Aulenti bought her house in 1973 and reconfigured it to make her residence and studio space via a doorway on top floor. She lived here from 1973 until her death in 2012. This year, they decided to do an open house for Aulenti’s residence, so that the public could experience this culturally rich space. The house is full of eclectic pieces from history—some of which she designed for well-known brands, such as the ‘April’ chairs for Zonatto in 1964; ‘King Sun’ lamps for Kartell in 1967. A limited-edition Roy Lichtenstein carpet tapestry adorns one of her living room walls.      

In 2001, a jazz and pop album, Casa, was shot in this house setting, by Ryuichi Sakamoto and Morelenbaum.  

Volcanic Ash Tiles from Formafantasma and Dzek

The Dutch design studio of Andrea Trimarchi and Simone Farresin collaborates with Dzek (founded by Brent Dzekciorius in London), to focus on original architectural materials and products. Three years of research into using volcanic lava as a building material led to developing the volcanic ash as an ingredient for creating breathtaking surface claddings in hues of caramels, ochres and earth browns. They say that numerous trials resulted in a careful balance of porcelain body and ash glazes at appropriate firing temperatures.

g_115225_volcanicashtilesfromformafantasma_280x210.jpg
The successful batch of tiles, christened ‘ExCinere’ (‘from the ashes’ in Latin), is available in two sizes and five volcanic glazes. Dzek explains that “These various surfaces are created by mixing varying quantities, particle sizes and densities of volcanic matter, resulting in surfaces that are evocative of the dynamic landscape from which they come.   

Bethan Laura Wood’s Wisteria Sconce

Bethan Laura runs a multidisciplinary practice driven by material investigations, artisan collaboration and a peculiar passion for colour and details. Apart from displaying her works at the V&A and Museum of Contemporary Art Tokyo, she has worked alongside Nilufar Gallery since 2011 to create one-off projects. Currently displaying at Spiga 32 as part of the Salone, is this delicate creation called Wisteria Scone.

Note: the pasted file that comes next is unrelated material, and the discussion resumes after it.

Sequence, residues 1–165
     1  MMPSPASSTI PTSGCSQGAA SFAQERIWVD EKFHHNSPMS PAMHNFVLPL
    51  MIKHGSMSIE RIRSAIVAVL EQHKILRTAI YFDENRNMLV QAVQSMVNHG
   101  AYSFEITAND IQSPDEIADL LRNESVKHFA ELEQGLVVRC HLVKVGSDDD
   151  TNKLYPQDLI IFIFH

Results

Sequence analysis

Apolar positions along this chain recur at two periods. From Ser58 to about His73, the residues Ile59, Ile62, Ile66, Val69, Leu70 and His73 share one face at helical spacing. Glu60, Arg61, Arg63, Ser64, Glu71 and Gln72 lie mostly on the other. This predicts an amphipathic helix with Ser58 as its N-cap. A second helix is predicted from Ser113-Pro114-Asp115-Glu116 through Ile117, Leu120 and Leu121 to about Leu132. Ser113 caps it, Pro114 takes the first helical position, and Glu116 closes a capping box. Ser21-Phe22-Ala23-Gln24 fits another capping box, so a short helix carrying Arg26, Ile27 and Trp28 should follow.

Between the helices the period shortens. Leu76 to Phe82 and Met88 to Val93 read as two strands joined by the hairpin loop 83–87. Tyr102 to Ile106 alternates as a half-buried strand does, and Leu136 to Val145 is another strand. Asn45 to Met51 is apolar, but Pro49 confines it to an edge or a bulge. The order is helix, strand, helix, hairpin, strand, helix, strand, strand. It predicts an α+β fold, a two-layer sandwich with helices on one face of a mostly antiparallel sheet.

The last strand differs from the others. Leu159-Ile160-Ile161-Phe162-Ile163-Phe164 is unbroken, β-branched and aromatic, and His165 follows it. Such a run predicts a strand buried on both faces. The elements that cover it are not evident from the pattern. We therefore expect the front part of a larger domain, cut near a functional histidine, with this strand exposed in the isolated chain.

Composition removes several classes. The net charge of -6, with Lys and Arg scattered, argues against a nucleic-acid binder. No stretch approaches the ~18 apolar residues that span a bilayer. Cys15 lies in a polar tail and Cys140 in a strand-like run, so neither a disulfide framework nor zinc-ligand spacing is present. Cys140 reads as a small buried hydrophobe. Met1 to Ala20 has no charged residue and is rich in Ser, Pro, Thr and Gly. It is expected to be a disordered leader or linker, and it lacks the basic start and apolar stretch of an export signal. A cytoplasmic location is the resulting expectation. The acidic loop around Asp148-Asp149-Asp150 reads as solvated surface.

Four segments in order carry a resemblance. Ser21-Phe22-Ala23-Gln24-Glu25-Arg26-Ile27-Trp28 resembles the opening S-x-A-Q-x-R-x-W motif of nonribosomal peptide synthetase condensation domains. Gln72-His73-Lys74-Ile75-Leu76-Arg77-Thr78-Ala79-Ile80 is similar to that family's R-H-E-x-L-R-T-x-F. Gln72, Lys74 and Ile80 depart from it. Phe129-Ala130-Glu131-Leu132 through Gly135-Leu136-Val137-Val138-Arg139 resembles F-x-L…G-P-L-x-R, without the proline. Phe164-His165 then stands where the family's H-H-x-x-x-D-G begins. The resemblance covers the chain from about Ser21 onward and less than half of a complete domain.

A fair bit of technology and artistic collaborations has resulted in this design, which creates a play of atmospheric shadows. The depictive wisteria petals are individually hand dyed, with gentle curves fabricated in aluminium. The stained glass-like amber of the petals is inspired by the Art Nouveau glass work of Emile Gallé. For the branches, a palette composed with anodising specialist, Neal Feay, includes the soft rose and amber tones found in the changing colour of champagne during the aging process.

g_115251_bethanlaurawood’swisteriasconce1_bg_280x210.jpg
The colours grow vibrant as the evening sets in, creating a perfect atmosphere for an intimate evening of champagne. Wisteria sconces are part of a continuing collaboration with Perrier-Jouët, supporting Bethan’s work as part of the ‘Artisan of the Wild’ programme.

Show More
Post Your Comment
Required
Required, will not be published
All comments are moderated
Big money, little kids and a grand experiment
Why should you work with a creative star?